Number 200 (Story #1), October 26, 1994 by Phillip F. Schewe and Ben Stein|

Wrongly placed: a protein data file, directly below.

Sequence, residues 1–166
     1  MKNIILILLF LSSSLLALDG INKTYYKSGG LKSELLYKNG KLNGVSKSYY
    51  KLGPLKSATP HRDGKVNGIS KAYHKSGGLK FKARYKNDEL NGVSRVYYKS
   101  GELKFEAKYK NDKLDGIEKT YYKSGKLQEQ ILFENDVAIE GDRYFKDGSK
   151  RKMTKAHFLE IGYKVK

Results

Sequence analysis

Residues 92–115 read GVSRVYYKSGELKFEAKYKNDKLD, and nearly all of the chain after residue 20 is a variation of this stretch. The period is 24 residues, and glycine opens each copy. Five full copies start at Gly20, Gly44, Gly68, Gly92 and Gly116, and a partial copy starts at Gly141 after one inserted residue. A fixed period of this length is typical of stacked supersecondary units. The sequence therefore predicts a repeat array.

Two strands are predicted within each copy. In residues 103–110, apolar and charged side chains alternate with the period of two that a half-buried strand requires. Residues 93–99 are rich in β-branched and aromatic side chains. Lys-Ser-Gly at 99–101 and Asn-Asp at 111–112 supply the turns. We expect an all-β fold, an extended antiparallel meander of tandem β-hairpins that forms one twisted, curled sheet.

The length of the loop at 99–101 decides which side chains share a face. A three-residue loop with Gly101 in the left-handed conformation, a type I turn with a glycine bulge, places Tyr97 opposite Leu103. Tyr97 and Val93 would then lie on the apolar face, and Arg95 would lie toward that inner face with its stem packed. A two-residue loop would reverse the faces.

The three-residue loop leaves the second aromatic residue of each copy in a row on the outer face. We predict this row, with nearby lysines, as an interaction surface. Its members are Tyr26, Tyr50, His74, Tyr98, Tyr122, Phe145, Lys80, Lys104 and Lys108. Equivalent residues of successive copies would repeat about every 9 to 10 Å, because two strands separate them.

ACCURATELY MEASURING THE HUBBLE CONSTANT (H) , the parameter describing the universe's rate of expansion, depends on having a reliable yardstick. For gauging distances to objects outside our galaxy, astronomers often use Cepheid variable stars, stars whose light emissions vary with a period proportional to their intrinsic luminosity; one can compare the intrinsic to the observed luminosity of the Cepheid to determine the distance to the galaxy in which it lies. The effort to extend this method over a larger distance scale would result in a more precise value for H because it would lessen the effect of local gravitational interactions. The trouble with this method, however, is that telescopes have trouble making out faint Cepheids in distant galaxies and following their pulsations unambiguously. Nevertheless, two sets of observations have now been made of Cepheids in galaxies in the faraway Virgo cluster, at a distance twice as far away as for Cepheids previously used for the purpose of finding H. One group, using the Canada-France-Hawaii telescope on Mauna Kea, monitored three Cepheids and worked out the distance to galaxy NGC4571. This results in a value for H of 87 km per second per megaparsec (Michael J. Pierce et al., Nature, 29 Sept.). A second team, using the (appropriately named) Hubble Space Telescope (HST) and looking at 20 Cepheids in galaxy M100, found a value of 80 for H (results announced at a NASA news conference today). Converting a measurement of H into an estimate for the lifetime of the universe is as not as easy as it once was since astronomers began to suspect that large amounts of dark matter lurk in and around galaxies. The presence of this matter can distort the cosmological "flow" of galaxies and complicate any determination of the expansion rate of the universe. Still, these new H values suggest a young universe; the HST results provide a lifetime estimate of 8 to 12 billion years.